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The 3 tabs below each provide different information about the course. Read individually and/or print the set together using the icon above.

Liberty feels like a good thing, like apple pie and motherhood. And, by itself, personal liberty certainly recognizes the moral value of individuals and their human right to live their lives as they wish—up to the point that they interfere with other people’s legitimate rights.

But does individual liberty always trump the benefits to society of sometimes restricting that individual freedom? And are the values and interests of people who feel that other people are interfering with their own life or are behaving in ways that damage society always to be disregarded?

Even in cases where it seems that the “good guy’s” liberty is being interfered with by social convention or public law, it is important to see how the other side views the situation as well. The challenge in this course will be to confront the lecturer’s presentation of the problem as one of unfair interference with people’s liberty. We may, in the end, come down on the side of wanting to defend the “good guy’s” liberty. But it’s worthwhile to challenge us to see the other point of view as well.

This course will be largely based on a series of Great Courses lectures called “Liberty on Trial in America: Cases That Defined Freedom.” The lecturer is Douglas Linder, a popular professor of law at a non-elite law school, the University of Missouri-Kansas City. Many Shared Learning participants know him from another Great Courses lecture series, “The Great Trials of World History.”

The lectures are promoted as focusing on “trials,” just as his other course did. But in fact the presentation covers the social conflicts that led up to a judicial event and the critical judicial event was more often a decision by a court, usually the U.S. Supreme Court, rather than by a jury.

Each week, we will view and discuss in detail one (and sometimes two) of the 24 lectures in this series, ranging historically from the pre-Civil War period to the 21st century. In addition, as time permits, we will view a second lecture as well. The course outline in the next tab provides the details.

A class website will enable people to discuss further what we have viewed and the opinions we have expressed in class.

Subject to change!

  • Sept. 15: The Trial of John Brown—violent acts in pursuit of freeing American slaves. [If time permits, also viewing the trial of John Peter Zenger, a newspaper publisher in colonial times.]
  • Sept. 22: The Trial of Susan B. Anthony—society’s treatment of women as incapable of participating in democracy. [If time permits, the viewing of the trumped up prosecution of labor protesters, known as the Haymarket Eight.]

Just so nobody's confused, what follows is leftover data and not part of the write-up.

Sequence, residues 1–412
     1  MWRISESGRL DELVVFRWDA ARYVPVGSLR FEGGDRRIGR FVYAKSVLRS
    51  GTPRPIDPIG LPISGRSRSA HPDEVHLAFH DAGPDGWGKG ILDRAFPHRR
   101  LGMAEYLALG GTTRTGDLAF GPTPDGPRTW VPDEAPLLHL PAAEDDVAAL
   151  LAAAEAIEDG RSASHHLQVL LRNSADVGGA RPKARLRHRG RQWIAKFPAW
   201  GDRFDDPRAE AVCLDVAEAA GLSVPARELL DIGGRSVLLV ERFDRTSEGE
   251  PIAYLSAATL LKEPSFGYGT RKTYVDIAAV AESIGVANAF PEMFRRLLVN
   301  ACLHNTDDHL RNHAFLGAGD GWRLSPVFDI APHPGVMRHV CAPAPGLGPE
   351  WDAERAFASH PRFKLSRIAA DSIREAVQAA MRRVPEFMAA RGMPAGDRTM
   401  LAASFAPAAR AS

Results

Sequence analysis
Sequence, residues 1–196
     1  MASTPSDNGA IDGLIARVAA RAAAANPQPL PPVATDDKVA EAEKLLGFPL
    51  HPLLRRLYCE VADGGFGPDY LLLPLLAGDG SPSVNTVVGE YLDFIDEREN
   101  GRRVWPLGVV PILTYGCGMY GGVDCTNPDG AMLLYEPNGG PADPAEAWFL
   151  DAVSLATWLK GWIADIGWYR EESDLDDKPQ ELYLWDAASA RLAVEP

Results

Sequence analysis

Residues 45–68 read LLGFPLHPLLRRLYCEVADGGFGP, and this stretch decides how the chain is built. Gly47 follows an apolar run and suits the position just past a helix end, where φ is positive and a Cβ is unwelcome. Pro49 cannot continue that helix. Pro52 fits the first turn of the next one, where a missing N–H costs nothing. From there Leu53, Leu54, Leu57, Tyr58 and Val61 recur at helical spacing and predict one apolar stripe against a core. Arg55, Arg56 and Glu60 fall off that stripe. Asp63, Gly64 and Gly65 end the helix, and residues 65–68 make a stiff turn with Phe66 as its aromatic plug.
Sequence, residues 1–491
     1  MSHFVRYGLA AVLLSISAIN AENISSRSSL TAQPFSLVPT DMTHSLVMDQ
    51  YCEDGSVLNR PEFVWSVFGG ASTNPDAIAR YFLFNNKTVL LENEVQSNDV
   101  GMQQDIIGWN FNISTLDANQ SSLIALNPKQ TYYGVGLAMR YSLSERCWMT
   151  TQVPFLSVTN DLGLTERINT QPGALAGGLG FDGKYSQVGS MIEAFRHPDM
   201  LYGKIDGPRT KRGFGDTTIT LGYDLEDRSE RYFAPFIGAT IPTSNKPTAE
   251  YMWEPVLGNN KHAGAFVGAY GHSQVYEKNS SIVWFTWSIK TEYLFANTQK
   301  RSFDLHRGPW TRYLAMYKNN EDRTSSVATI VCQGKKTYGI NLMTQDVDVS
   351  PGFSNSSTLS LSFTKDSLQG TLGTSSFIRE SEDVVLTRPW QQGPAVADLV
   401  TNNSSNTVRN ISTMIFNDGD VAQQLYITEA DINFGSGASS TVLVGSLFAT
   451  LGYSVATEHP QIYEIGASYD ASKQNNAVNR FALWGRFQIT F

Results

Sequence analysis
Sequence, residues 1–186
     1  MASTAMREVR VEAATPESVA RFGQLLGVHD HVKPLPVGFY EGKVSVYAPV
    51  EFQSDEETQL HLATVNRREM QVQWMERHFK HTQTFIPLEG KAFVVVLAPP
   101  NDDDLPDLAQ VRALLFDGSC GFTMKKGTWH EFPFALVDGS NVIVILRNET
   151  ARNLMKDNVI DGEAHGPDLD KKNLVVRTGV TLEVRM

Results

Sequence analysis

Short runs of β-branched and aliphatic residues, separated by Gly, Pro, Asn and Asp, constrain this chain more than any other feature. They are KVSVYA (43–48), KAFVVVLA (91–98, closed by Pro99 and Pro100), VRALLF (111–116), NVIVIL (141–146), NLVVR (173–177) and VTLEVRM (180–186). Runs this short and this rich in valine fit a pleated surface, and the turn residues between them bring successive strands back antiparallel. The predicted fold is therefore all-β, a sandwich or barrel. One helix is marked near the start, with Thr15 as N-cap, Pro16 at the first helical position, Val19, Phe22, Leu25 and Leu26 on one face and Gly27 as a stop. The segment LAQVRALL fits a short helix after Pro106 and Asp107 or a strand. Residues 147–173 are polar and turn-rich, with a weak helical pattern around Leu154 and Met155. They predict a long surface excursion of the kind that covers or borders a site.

• Sept. 29: The Scopes Trial—conventional religious belief vs. a science teacher’s right to teach evolution. [If time permits, the viewing of a trial about racial discrimination in the right to kill to defend one’s home.]
  • Oct. 6: We’ll try to have time to view and discuss two cases: whether religious objections to saluting the flag and reciting the pledge of allegiance are defensible; and whether citizens of Japanese origin could be relocated against their will during the Second World War.

I’ll provide more detail on the rest of the cases, but for now here are the topics:

  • Oct. 13: School segregation by race from Plessy v. Ferguson to Brown v. Board of Education of Topeka. Plus, if time permits, “The Trial of Lenny Bruce”—obscenity.
  • Oct. 20: Two lectures with time split evenly: The Loving case—the illegality of a racially mixed marriage. And did the Amish people have a right to their own concept of education.
  • Oct. 27: Daniel Ellsberg and the Pentagon Papers. Possibly include the lecture on the legality of the death penalty.
  • Nov. 3: The cases around abortion rights leading to Roe v. Wade. If time permits, cases about sodomy.
  • Nov. 10: Religious and white racist objections to governmental interference in private life, made more complex by the violent nature of their acts, leading to the standoff (and deaths) at Ruby Ridge, Idaho.
  • Nov. 17: Dr. Jack Kevorkian and the right to die.
  • Nov. 24: Thanksgiving break
  • Dec. 1: The Boy Scouts prohibition of gay scout leaders. If time, a debate about eminent domain—the right of local governments to take over private land (with compensation).
  • Dec. 8: The Citizens United case: do corporations, as legal entities, have the right to make large political contributions?
  • Dec. 15: Class decides—what was skipped or passed over too quickly.